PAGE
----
At the top of your python code, load Numpy like this:

```
import numpy as np
```

Now you can use numpy throughout your file via the `np`

object.

```
{tip}
1. Jupyter Lab's "Help" menu has a link to Numpy documentation.
2. You can access an element of a numpy array just like a list:
```py
x=np.arange(1,5,1)
x[1]
```

```
If the array is a matrix, `x[row,col]` works.
```

- Whirlwind has a more comprehensive dive into splitting, slicing, and other numpy operations. ```

```
{tip}
Copy this table into your cookbook notes folder.
```

Function | Description |
---|---|

`np.array([user defined list, or lists of lists])`

| creates an array or matrix
`np.ones(how many)`

and `np.ones([rows,cols])`

| same but all elements are 1
`np.zeros(how many)`

and `np.zeros([rows,cols])`

| same but all elements are 0
`np.arange(start,end,stepsize)`

| creates array, note that the array will not include any elements `>=end`

`np.linspace(from,to,# of elements)`

| creates array covering the range specified
`np.eye(#)`

| creates an identity matrix of size `#`

`np.concatenate([x, y])`

| combines arrays `x`

and `y`

`np.nan`

| is a NaN object (e.g. like a missing element in a data table)

**We will definitely use this in pandas**
`np.ceil(#)`

, `np.floor(#)`

| if #=3.4, ceil will return 4, and floor will return 3.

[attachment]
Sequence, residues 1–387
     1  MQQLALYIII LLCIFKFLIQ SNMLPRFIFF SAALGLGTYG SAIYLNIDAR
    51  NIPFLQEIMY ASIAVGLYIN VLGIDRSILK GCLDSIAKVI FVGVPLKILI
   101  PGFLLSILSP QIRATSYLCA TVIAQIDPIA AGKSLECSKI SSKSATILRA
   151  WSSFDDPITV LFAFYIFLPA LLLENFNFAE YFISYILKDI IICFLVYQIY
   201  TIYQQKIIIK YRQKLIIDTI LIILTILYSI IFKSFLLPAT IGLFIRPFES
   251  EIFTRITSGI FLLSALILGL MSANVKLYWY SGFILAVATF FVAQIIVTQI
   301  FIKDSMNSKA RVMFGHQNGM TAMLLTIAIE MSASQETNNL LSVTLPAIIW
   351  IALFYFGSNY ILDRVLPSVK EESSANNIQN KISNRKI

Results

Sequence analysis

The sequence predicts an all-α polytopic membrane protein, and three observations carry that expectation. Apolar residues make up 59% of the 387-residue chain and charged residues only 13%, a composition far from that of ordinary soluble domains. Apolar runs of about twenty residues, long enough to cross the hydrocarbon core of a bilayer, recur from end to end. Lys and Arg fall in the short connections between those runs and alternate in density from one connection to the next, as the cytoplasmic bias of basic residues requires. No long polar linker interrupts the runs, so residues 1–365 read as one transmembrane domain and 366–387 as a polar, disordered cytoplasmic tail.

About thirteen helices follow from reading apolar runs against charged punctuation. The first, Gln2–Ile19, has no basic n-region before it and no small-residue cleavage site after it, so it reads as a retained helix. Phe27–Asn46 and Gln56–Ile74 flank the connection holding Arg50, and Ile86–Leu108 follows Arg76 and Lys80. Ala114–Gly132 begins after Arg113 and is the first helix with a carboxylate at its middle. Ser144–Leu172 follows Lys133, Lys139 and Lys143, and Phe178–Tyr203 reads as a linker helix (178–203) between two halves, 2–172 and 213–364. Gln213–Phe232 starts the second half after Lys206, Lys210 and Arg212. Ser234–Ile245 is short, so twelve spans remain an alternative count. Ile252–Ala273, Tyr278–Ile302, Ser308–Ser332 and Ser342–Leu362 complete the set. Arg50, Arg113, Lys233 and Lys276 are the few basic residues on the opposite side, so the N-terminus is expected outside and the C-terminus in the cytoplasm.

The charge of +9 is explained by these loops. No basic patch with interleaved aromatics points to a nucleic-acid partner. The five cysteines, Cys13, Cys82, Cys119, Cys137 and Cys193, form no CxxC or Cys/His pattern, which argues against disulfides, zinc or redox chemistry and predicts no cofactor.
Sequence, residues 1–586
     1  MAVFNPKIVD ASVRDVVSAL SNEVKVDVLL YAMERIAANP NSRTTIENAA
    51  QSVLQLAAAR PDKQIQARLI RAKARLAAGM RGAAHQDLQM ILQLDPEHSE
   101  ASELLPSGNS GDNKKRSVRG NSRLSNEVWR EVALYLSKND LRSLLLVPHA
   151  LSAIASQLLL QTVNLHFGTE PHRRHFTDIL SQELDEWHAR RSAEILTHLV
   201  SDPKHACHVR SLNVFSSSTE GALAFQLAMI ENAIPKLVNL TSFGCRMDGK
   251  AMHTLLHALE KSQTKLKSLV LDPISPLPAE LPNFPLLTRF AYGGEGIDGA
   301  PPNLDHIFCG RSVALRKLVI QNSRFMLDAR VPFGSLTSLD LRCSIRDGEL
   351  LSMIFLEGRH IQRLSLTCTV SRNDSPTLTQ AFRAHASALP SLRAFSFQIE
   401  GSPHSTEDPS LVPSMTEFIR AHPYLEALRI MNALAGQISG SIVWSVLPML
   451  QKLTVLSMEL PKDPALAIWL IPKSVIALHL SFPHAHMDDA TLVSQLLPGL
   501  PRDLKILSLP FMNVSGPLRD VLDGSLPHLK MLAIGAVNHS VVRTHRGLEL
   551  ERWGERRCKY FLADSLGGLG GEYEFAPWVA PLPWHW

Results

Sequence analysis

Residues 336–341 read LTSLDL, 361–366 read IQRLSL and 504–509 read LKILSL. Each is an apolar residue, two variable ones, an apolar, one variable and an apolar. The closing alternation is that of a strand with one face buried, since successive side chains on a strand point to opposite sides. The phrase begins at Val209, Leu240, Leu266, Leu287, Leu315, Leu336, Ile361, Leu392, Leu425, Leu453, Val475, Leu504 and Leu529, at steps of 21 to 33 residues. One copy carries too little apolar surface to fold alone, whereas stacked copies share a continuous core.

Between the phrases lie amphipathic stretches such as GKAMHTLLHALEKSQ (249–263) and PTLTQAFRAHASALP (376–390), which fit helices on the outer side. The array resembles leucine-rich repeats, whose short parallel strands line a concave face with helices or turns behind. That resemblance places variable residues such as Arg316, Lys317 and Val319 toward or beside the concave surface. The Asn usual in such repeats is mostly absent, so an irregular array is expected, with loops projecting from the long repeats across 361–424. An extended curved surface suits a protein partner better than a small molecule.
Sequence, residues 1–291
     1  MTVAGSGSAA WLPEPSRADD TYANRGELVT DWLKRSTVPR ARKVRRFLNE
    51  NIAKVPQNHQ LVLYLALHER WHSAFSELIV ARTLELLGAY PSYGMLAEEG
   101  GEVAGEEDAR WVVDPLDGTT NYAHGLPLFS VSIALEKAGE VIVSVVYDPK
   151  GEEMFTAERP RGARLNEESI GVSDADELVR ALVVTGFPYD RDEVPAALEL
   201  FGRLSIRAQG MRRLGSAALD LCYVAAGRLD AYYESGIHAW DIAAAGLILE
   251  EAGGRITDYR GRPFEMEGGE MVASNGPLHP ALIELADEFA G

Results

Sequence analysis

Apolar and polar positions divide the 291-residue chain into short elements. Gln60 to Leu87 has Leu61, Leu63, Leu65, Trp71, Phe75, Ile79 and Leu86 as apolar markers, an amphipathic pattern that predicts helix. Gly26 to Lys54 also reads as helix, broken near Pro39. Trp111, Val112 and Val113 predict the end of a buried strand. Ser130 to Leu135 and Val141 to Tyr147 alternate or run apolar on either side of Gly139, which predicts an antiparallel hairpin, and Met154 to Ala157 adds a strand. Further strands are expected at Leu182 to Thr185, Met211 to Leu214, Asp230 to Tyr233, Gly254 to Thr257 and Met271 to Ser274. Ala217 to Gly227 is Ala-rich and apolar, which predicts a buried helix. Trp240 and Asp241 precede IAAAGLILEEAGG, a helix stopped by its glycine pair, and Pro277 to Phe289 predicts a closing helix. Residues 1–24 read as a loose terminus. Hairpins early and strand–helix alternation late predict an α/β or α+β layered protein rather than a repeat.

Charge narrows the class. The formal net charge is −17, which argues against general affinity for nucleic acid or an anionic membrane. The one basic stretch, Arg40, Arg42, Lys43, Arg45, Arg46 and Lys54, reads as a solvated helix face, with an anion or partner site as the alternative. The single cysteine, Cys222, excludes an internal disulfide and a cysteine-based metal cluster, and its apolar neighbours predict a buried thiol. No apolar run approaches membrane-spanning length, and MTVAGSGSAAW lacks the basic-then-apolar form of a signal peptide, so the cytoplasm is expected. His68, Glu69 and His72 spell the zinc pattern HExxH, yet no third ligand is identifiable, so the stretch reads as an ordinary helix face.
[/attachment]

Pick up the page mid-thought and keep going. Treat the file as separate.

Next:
`np.max(x)`

, `np.min(x)`

, `np.average(x)`

, `np.median(x)`

| **many statistical operations work as you would expect**
`np.reshape(x,[rows,cols])`

| works like it looks
`np.random.<dist>`

| can draw random numbers from many distributions

use tab autocompletion to see all the options (type `np.random.`

and then hit TAB)

**YOU MUST NEVER EVER EVER EVER EVER DRAW RANDOM NUMBERS WITHOUT SETTING A SEED!!!**

```
{warning}
Let me repeat that: **YOU MUST NEVER EVER EVER EVER EVER DRAW RANDOM NUMBERS WITHOUT SETTING A SEED!!!**
If you don't, your code will produce different outputs every single time you run it. And other people will get different answers too!
And the point of code is that it is reproducible.
```

In [1]:

```
import numpy as np
np.set_printoptions(2) # just to control # of decimal places shown
np.random.seed(0) # this is how you set a seed
print("original random draw: ",np.random.rand(4))
print("now it's different: ",np.random.rand(4))
print("now it's different: ",np.random.rand(4))
np.random.seed(0)
print("now it's the same again: ",np.random.rand(4))
```

Because pandas is built on top of numpy, all of these numpy functions work on pandas objects.

Numpy 🤝 Pandas

`numpy`

¶- You can't vectorize every operation :(
- Numpy is a great solution for the issue of speed, but not for the issue of memory.

Numpy can be prohibitive, memory-wise: When you run an array operation, Python creates the entire array and puts it into memory, then runs it. A vector of length `1,000,000,000,000`

is huge and requires substantial memory to create. By contrast, you can execute `for i in range(1,000,000,000,000): pass`

without causing an issue, because Python **never created that vector, it just iterated over numbers**. This is because `range(#)`

is a "generator" and not an explicit object.